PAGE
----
The leading edge of zone development may be in the kinds of entities that are being sponsored by upper middle and advanced economies. They use a mix of public and private initiatives to carve out zones for logistics, financial, knowledge-based, and entertainment services. Zones for services appear to be the wave of the future, mirroring the preponderance of services in GDP and their rising share in trade (Elmsand Low 2015). Currently, among Asia’s developing economies, only India is a major services exporter (23%)—mainly ICT-based services—and value added by services in exports is also among the highest (51%). The Republic of Korea; the PRC; and Taipei, China all lag behind. Only 14% of the Republic of Korea’s exports and 14% of PRC exports are in services; and value added by services in exports is 35% for both economies (Chung 2015). Thus, there is much catching up to do and opportunities to enlarge services exports.

The Republic of Korea’s Incheon Free Economic Zone is furnished with multi-modal transport and a suite of amenities, including a golf course. The Songdo ubiquitous city lying within the zone offers an IT-rich environment catering to providers of commercial, medical, educational, and hospitality services. Depending on how well Songdo fares, the Republic of Korea intends to build many more smart and ubiquitous cities. Dalian in the PRC has set up a thriving Software Park and Shanghai is promoting an SEZ that will host an international financial center. Dubai, meanwhile, is a new style SEZ with a port and free zone, an international financial center, an “internet city” and large newly reclaimed areas reserved for housing—mainly for sale to foreigners. The United Kingdom and Japan among others are also on the bandwagon with several zones in the pipeline, and services the primary activity.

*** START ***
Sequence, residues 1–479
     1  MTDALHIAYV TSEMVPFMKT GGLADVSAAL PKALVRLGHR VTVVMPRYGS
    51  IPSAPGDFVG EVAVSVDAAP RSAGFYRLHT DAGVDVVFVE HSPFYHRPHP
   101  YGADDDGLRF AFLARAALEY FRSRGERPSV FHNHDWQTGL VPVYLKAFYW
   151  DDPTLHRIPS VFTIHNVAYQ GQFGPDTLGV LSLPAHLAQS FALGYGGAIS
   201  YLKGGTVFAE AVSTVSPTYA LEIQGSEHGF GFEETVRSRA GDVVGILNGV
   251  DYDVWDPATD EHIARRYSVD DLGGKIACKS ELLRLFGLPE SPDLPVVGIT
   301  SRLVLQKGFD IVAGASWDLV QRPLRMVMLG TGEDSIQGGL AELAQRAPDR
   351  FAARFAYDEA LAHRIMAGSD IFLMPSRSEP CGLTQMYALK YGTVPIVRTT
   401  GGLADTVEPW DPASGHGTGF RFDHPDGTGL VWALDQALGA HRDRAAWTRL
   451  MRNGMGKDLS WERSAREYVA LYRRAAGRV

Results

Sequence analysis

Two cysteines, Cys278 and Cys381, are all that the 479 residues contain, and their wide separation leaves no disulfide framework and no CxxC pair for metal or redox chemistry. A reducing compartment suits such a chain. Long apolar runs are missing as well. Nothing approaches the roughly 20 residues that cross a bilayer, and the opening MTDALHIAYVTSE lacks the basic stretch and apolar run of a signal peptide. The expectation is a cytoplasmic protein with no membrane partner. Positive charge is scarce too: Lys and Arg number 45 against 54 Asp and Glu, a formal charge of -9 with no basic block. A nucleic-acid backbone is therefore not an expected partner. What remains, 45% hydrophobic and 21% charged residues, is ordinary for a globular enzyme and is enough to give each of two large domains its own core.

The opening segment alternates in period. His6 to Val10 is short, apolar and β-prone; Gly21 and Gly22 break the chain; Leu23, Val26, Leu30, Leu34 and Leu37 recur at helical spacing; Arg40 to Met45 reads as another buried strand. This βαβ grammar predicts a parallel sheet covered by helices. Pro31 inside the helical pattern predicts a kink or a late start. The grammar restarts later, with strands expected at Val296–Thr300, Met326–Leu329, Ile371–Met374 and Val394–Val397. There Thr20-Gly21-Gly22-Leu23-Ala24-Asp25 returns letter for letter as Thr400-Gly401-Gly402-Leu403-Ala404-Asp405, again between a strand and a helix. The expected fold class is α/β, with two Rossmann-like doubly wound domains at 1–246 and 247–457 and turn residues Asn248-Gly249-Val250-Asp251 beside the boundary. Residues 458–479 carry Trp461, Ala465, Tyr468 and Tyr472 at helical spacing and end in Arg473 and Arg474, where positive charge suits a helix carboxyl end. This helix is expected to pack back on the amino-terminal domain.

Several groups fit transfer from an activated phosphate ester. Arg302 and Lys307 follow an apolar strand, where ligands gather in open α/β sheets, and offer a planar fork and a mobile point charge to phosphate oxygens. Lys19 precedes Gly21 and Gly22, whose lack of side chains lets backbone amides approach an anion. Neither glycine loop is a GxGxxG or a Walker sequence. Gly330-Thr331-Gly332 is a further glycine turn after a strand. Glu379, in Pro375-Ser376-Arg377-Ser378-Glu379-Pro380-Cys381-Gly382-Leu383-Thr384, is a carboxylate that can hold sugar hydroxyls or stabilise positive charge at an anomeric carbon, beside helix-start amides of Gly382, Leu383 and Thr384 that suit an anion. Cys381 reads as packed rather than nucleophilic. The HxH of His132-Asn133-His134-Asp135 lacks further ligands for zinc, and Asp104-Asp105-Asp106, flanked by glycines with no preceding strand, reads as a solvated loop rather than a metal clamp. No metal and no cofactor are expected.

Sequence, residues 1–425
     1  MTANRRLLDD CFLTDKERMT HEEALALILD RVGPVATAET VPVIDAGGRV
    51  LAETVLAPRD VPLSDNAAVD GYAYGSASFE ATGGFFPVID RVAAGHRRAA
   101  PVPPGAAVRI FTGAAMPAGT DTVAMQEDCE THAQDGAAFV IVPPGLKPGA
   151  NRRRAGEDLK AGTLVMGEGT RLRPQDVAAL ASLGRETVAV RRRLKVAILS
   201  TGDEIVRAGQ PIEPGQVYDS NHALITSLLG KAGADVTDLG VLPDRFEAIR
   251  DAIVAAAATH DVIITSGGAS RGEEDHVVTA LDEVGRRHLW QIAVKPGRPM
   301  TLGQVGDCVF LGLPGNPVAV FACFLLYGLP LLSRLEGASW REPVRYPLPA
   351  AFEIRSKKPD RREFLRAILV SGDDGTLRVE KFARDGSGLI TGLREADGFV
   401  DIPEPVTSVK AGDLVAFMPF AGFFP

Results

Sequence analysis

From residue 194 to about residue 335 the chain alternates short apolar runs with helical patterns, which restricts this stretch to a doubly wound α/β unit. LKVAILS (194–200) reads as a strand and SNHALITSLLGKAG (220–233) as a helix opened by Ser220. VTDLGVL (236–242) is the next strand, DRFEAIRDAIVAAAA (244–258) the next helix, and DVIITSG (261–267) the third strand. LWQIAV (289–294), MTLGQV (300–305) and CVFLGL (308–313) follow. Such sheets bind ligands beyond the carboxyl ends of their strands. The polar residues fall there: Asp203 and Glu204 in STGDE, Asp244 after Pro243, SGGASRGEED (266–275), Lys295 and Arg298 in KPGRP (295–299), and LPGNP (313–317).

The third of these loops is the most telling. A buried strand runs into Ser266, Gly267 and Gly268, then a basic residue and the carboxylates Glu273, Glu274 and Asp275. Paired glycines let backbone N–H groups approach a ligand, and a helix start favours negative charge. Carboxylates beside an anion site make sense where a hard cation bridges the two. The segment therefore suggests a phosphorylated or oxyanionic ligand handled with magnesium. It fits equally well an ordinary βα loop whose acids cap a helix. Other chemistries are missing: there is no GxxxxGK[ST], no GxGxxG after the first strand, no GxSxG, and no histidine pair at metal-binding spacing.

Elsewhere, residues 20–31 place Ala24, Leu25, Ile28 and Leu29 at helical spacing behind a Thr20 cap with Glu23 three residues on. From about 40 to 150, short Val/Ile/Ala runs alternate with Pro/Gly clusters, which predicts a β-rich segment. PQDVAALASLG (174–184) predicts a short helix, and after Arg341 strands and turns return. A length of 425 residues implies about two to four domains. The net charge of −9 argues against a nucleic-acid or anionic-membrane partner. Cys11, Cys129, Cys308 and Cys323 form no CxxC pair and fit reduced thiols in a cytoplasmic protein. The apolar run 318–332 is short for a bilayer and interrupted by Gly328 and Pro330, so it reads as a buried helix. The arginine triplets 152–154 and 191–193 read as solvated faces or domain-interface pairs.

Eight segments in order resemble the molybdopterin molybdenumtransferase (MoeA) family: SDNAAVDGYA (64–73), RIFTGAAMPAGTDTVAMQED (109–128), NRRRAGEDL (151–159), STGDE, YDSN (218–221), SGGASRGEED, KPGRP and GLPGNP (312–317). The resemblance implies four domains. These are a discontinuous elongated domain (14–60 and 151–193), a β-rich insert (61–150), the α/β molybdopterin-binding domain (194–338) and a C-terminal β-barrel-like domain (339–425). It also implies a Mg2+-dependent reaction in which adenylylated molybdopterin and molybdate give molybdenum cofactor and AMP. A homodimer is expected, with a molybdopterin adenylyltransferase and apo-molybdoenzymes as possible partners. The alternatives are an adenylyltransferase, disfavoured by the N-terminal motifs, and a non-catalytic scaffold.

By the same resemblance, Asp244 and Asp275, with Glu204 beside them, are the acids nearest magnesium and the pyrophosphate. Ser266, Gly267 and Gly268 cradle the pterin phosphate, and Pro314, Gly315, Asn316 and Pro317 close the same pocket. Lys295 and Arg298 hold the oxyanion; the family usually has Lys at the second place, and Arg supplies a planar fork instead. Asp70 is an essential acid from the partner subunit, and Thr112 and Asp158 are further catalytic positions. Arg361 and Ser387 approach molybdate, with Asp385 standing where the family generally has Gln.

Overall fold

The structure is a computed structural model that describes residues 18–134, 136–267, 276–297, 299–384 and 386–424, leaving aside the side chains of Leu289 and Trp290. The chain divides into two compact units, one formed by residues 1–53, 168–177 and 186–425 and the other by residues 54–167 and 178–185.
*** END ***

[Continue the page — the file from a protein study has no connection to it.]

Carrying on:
The concept of urban development and creation of smart cities will increasingly be an integral part of high-technology and knowledge based SEZs by combining R&D centers, e-governance, skilled labor and other commercial and recreational centers. Given this changing trend, governments should perceive SEZs not only as a self-contained entity, but also as part of longer-term urban development.

Urban development can also occur through charter cities and Special Governance Zones (SGZs) as proposed by Fuller and Romer (2012) and Wei (1999), respectively. A charter city is a new type of special zone, one that can serve as an incubator for reform. It extends the concept of an SEZ by increasing its size to city scale and expanding the scope of reforms. During this century of rapid urbanization, charter cities can offer the developing world a choice between several well-run cities, each of which competing to attract residents. This combination of choice and competition is the best strategy for improving the quality of life. A strong argument for charter cities is that urbanization is trending upward in the developing world at a time when the capacity to govern remains in short supply (Fuller and Romer 2014). The potential gains from this strategy are much larger than those from further reducing trade barriers to private goods and services (Clemens 2011, cited by Fuller and Romer 2014).